Illinois School Prayer: Moment Of Silence Could Be Back Soon


The injunction against the moment-of-silence law was officially lifted on Friday, according to a Tribune report. "This action means the Act is now in effect," the State Board of Education told districts in a message. That means that the moments of silence will begin on Monday.


Illinois schools may once again be mandated to hold a moment of silence, as a highly controversial law will be back in effect pending a court order.

In 2007, the state legislature passed the Silent Reflection and Student Prayer Act, requiring schools to take a silent moment at the beginning of the school day. That law launched Illinois to the center of a national debate on prayer in schools.

The law was challenged by Rob Sherman, an prominent atheist activist, and his daughter Dawn. In 2009, District Judge Robert Gettleman ruled the act unconstitutional. "The plain language of the statute... suggests and intent to force the introduction of the concept of prayer into the schools," the judge wrote in his decision.

But in October of last year, a three-judge panel of the 7th District Court of Appeals voted 2-1 to overturn Judge Gettleman's decision. "Nothing in the text ... limits students' thoughts during the period of silence; the text mandates only one thing -- silence," wrote Judge Daniel Manion.

The dissenting judge, Ann Claire Williams, wasn't persuaded: "let's call a spade a spade -- statutes like these are about prayer in schools," she wrote in her opinion.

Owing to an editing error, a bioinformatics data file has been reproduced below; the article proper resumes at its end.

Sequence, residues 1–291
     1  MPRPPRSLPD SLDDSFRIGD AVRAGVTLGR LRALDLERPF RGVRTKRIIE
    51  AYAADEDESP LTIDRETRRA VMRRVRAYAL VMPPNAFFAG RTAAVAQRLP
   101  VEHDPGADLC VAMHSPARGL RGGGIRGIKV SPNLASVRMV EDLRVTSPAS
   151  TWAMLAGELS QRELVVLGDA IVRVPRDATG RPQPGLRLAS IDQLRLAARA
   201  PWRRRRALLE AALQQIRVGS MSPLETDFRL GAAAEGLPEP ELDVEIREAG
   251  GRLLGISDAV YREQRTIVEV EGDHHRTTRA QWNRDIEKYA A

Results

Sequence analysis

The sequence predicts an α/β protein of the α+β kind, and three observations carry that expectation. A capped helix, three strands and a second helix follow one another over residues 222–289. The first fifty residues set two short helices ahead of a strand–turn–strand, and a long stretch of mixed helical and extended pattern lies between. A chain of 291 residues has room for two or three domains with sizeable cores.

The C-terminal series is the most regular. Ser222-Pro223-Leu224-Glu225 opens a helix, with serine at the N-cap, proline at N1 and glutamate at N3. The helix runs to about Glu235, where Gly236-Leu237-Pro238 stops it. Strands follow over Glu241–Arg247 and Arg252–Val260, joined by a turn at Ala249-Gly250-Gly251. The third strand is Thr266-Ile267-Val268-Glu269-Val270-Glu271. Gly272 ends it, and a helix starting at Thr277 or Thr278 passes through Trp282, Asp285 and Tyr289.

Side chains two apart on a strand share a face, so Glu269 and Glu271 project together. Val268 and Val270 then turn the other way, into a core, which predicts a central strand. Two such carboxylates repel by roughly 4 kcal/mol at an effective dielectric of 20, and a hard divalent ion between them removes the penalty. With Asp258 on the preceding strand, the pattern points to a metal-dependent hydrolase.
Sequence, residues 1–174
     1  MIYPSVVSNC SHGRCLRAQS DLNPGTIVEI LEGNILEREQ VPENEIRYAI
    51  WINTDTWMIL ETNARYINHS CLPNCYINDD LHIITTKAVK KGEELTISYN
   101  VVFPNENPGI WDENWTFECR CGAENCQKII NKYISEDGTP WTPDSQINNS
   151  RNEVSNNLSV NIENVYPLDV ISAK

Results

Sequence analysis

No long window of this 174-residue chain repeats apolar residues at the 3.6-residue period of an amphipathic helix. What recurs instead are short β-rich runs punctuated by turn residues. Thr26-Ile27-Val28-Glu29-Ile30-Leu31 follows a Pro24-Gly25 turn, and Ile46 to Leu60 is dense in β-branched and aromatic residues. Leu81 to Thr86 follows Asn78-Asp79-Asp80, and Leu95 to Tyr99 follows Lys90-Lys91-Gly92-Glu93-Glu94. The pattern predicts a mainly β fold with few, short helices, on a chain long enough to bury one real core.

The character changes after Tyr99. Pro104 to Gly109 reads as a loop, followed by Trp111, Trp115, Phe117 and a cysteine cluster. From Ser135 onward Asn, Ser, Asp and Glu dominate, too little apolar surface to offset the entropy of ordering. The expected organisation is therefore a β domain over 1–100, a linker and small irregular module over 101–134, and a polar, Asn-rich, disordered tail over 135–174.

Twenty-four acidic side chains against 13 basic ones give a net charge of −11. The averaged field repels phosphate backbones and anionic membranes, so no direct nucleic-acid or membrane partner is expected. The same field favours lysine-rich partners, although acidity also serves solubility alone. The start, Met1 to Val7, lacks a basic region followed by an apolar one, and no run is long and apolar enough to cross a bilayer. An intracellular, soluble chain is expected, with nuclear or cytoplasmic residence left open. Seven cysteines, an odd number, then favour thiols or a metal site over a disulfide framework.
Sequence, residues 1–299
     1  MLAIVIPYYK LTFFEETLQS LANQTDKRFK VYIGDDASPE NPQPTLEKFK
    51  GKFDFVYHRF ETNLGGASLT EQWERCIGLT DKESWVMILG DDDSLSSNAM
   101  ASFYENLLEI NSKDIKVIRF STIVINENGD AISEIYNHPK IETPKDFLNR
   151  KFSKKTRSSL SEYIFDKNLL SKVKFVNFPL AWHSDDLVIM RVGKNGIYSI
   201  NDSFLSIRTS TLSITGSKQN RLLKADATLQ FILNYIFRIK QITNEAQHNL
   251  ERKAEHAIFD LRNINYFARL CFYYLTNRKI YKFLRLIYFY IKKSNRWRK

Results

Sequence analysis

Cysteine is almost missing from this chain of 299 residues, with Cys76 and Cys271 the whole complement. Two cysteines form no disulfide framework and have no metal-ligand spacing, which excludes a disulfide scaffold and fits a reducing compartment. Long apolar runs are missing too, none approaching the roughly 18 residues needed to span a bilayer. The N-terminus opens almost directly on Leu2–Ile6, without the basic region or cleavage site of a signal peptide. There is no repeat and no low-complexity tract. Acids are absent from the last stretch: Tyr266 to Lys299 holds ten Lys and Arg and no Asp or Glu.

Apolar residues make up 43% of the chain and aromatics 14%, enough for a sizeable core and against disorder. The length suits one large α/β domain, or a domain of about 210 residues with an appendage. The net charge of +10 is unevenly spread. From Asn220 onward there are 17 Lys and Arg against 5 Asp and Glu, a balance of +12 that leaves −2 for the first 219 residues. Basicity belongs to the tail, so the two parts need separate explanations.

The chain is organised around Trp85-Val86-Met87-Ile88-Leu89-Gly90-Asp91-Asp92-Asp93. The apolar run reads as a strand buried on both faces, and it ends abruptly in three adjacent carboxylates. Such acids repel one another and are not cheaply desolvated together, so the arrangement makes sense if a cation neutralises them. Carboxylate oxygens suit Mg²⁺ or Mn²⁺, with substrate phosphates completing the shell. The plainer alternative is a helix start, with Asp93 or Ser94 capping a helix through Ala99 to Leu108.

Nonetheless, the bench returned the case to Judge Gettleman, on whom it now rests to lift the injunction against the law.

Illinois schools officials are clearly readying for that to happen soon. In his weekly newsletter to the districts, State Superintendent Christopher Koch said to prepare for the ban to be lifted in the next few days, as the Chicago Tribune reports Friday.

Koch left it up to individual districts to determine how to implement the moment of silence, but as WBEZ reports, the appellate court gave an example of how to do it properly in its ruling: "making a school-wide announcement before the Pledge of Allegiance."

Chicago Public Schools have yet to decide their new morning schedule, but suburban Elgin plans to set aside 15 seconds before or after the Pledge.

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